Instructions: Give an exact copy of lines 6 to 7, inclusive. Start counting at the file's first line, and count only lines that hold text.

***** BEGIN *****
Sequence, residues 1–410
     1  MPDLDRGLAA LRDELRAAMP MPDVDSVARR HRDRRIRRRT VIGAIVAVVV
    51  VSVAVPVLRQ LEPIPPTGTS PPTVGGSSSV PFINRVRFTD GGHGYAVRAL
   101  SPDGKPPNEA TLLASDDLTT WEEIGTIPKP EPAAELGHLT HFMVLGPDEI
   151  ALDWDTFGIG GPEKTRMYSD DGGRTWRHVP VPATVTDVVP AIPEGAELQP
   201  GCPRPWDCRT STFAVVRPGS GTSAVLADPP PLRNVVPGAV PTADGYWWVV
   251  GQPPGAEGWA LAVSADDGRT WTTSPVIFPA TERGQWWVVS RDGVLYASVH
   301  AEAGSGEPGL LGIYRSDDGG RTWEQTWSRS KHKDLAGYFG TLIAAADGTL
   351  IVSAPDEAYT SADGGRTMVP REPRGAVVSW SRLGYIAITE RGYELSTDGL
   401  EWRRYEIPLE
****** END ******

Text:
   201  GCPRPWDCRT STFAVVRPGS GTSAVLADPP PLRNVVPGAV PTADGYWWVV
   251  GQPPGAEGWA LAVSADDGRT WTTSPVIFPA TERGQWWVVS RDGVLYASVH